The Supreme Court on Tuesday has issued a notice to the Centre, the Tamil Nadu Government and social media entities including Facebook, seeking their response on the Mark Zuckerberg founded social media company’s plea to transfer four cases in three High Courts to the top court.
The cases pertained to linking Aadhar or other government authorised identity proofs to social media accounts for authentication purpose.
The responses would aid the apex court in deciding whether social media entities be forced to share information about suspects or criminals with the police.
The Supreme Court has listed the matter for further hearing on September 13. Meanwhile, it has not imposed a stay on the proceedings of the cases being heard in the high courts but has asked them to desist from passing any final order.
The top court’s response comes after Facebook submitted a plea that the cases be transferred from the high courts to the top court as that would avoid the possibility of conflicting decisions from the High Courts.
Two petitions had been filed in the Madras High Court, while one each in the Bombay and Madhya Pradesh High Courts, Facebook told the apex court. The petitions in three High Courts have sought a declaration that Aadhaar or any other government authorised identity proof to be made mandatory to authenticate social media accounts.
Facebook, in its petition, said all the common cases underway in the high courts seek “similar relief” and involve similar questions of law”. The social media company has sought a stay on the cases being heard in the high courts.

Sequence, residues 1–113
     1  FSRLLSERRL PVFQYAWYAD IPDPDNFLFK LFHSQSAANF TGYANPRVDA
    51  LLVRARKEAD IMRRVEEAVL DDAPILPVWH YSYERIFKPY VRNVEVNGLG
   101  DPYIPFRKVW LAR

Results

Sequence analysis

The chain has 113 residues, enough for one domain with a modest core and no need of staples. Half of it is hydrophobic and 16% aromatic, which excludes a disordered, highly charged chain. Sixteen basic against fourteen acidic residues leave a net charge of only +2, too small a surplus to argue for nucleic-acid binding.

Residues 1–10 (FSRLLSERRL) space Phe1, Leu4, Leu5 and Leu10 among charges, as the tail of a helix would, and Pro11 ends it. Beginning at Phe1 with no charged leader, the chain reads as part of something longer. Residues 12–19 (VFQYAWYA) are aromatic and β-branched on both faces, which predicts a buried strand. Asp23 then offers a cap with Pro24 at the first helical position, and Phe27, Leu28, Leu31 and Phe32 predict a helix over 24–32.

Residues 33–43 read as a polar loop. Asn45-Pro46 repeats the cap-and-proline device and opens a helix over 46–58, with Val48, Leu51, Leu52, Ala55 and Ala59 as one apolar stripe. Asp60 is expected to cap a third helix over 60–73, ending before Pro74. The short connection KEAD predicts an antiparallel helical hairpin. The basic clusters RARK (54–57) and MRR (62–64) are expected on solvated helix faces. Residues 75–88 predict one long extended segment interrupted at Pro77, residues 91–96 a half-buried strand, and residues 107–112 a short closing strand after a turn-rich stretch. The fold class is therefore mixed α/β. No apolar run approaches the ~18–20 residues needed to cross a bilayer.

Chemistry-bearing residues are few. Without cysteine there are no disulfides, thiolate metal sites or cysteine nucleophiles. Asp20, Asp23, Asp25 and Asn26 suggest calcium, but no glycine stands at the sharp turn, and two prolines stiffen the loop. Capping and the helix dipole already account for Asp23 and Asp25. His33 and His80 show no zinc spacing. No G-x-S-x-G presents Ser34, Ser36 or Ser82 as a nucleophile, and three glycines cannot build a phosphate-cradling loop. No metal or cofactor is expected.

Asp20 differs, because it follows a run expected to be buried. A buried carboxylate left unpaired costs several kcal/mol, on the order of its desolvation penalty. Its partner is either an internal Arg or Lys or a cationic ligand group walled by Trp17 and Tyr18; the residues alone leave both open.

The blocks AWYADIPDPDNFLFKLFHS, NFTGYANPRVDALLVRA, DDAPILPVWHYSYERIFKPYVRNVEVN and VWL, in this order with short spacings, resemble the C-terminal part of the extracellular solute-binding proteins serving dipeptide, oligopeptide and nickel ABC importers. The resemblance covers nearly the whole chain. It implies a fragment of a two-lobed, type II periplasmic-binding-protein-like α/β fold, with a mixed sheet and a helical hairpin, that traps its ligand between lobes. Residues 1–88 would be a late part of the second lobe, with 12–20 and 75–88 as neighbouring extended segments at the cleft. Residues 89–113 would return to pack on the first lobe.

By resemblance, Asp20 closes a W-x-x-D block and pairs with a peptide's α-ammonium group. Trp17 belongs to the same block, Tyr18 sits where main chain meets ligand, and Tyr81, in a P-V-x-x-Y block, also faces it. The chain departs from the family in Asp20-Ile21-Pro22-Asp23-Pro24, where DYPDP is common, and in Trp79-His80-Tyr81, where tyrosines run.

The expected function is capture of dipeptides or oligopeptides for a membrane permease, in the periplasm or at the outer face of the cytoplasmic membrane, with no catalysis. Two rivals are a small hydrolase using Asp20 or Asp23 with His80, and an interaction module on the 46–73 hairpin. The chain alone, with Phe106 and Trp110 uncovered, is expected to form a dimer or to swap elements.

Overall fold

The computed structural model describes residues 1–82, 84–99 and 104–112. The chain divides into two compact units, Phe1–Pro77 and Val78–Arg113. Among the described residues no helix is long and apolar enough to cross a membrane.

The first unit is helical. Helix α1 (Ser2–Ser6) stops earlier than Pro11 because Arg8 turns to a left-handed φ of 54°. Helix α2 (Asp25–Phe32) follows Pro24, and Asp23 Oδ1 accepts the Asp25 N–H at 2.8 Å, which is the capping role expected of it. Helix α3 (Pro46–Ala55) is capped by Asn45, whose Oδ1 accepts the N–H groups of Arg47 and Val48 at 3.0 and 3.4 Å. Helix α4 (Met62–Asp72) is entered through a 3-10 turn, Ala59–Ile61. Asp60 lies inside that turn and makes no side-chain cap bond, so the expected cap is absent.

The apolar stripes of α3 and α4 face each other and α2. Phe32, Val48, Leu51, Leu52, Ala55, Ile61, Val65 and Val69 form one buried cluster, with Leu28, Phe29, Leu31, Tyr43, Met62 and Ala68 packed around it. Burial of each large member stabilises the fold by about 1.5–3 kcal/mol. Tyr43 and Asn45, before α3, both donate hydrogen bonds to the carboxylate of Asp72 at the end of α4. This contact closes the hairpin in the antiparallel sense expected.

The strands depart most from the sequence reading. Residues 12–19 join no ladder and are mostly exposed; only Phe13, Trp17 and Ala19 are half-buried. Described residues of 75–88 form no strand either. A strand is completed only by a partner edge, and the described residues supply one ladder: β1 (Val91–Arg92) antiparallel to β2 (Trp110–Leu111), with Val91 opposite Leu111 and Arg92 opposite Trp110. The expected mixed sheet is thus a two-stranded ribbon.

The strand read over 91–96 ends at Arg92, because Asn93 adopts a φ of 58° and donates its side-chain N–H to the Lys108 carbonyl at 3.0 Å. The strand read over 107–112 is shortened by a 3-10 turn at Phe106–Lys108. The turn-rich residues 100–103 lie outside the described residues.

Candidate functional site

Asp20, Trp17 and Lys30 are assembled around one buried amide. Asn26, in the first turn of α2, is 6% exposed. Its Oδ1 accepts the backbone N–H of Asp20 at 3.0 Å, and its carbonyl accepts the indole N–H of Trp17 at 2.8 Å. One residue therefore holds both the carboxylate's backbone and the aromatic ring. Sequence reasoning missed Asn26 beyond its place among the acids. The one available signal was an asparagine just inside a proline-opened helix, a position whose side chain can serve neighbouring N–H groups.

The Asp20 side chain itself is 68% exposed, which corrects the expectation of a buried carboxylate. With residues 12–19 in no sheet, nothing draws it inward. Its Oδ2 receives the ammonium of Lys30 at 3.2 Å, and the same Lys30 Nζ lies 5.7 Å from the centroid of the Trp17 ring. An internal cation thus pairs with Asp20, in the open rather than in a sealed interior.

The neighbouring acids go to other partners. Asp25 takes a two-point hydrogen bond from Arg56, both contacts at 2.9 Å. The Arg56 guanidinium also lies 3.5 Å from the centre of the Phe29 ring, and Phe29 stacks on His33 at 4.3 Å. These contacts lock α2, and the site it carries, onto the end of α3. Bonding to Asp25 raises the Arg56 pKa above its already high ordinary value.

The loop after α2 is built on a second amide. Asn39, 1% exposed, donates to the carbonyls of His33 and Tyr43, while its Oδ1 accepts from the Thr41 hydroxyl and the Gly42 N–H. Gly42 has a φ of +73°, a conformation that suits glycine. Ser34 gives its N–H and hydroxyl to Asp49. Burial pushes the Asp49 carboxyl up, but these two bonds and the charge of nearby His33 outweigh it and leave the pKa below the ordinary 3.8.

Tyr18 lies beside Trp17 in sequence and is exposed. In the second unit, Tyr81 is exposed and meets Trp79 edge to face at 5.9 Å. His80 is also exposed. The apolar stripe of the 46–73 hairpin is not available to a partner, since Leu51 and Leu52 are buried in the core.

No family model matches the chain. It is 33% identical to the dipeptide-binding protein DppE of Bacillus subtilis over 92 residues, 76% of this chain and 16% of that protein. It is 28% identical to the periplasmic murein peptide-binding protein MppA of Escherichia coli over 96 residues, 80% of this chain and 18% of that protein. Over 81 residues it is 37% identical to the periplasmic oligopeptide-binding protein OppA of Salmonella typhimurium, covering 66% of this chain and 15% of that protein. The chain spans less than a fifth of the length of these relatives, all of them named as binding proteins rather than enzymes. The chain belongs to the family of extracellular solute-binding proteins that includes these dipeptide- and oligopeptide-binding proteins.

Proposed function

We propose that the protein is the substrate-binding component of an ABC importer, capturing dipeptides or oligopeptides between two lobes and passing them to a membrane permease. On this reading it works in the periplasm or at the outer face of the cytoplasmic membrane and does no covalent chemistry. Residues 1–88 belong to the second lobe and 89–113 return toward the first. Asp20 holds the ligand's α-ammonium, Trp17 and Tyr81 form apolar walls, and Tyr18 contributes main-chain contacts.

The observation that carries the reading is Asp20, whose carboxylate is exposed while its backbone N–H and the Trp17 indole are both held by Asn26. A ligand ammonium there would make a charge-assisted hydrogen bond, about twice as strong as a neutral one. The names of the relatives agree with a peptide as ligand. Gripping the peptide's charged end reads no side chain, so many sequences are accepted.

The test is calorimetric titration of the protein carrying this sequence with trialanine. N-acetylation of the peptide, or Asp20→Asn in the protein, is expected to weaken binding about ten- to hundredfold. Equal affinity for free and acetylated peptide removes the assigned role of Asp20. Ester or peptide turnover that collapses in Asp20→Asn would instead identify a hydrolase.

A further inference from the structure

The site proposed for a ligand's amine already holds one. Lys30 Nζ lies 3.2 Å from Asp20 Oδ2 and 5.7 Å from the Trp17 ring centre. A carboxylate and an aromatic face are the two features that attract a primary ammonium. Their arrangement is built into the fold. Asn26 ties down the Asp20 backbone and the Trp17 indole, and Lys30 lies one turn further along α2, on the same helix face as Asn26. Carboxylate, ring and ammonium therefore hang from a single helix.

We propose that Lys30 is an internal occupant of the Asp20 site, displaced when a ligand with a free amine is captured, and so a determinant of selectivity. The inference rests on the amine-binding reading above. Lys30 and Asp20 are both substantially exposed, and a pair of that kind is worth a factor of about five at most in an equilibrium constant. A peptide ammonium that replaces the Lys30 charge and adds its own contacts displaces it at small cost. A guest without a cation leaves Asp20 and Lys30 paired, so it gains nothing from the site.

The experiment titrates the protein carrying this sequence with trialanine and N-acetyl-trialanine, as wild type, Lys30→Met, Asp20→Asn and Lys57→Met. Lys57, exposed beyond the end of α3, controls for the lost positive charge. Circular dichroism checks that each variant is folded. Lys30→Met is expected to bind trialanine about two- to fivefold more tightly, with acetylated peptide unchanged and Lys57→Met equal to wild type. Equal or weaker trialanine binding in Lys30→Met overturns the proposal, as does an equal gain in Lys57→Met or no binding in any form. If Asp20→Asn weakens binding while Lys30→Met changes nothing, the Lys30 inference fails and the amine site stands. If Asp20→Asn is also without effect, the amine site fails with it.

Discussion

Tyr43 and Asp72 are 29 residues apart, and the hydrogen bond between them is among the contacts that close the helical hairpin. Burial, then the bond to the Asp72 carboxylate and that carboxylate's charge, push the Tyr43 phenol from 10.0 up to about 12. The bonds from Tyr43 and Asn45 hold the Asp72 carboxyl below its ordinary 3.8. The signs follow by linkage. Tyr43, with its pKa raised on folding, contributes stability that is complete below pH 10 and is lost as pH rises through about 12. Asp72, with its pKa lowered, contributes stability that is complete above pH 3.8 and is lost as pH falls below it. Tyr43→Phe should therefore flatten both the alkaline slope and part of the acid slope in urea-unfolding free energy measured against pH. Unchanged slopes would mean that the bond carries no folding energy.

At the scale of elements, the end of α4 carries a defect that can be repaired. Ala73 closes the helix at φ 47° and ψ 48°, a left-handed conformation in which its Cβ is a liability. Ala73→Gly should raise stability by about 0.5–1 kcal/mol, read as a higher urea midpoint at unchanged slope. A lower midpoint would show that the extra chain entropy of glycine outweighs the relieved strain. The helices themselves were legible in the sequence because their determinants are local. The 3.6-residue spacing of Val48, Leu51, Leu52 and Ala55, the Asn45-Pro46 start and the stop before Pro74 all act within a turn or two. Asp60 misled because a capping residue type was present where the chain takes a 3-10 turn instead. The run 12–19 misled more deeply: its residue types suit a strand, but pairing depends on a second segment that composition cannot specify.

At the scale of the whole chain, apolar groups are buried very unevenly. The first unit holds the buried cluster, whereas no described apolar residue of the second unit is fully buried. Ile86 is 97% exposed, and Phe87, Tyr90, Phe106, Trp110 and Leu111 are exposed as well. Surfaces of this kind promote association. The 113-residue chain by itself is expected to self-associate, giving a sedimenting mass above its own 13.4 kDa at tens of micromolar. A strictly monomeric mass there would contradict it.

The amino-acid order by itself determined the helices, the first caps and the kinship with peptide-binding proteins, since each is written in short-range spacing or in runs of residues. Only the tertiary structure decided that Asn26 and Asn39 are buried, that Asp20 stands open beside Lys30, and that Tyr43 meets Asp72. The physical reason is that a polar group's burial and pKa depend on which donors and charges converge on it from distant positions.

The bench headed by Justice Deepak Gupta noted that the apex court needs to find a “balance” between the right to online privacy and the duty of the government to detect persons who commit crime online or spread panic. It needs to be decided “ under what condition information can be given and to whom”, said the bench.
Attorney General KK Venugopal, appearing for the Tamil Nadu Governemnt mentioned incidents of online games such as Blue Whale, which led to many deaths in India. He said the service providers didn’t provide details of the originator of the game.
For crimes including terrorism or pornography, there was no mechanism to detect the originator, said Venugopal. The sharing of information by social media with the police would help in solving cases of crime.
In order to check the circulation of fake, defamatory, and pornographic content as well as anti-national and terror material, the social media accounts of people must be linked with AAdhaar or other authorised id-proofs, the Tamil Nadu Government told the apex court.
While Facebook is keen on resisting the government’s suggestion on the grounds of violation of privacy. It said that it cannot share Aadhaar number with a third party as even they don’t have access to the content on its instant messaging app WhatsApp as it is end-to-end encrypted.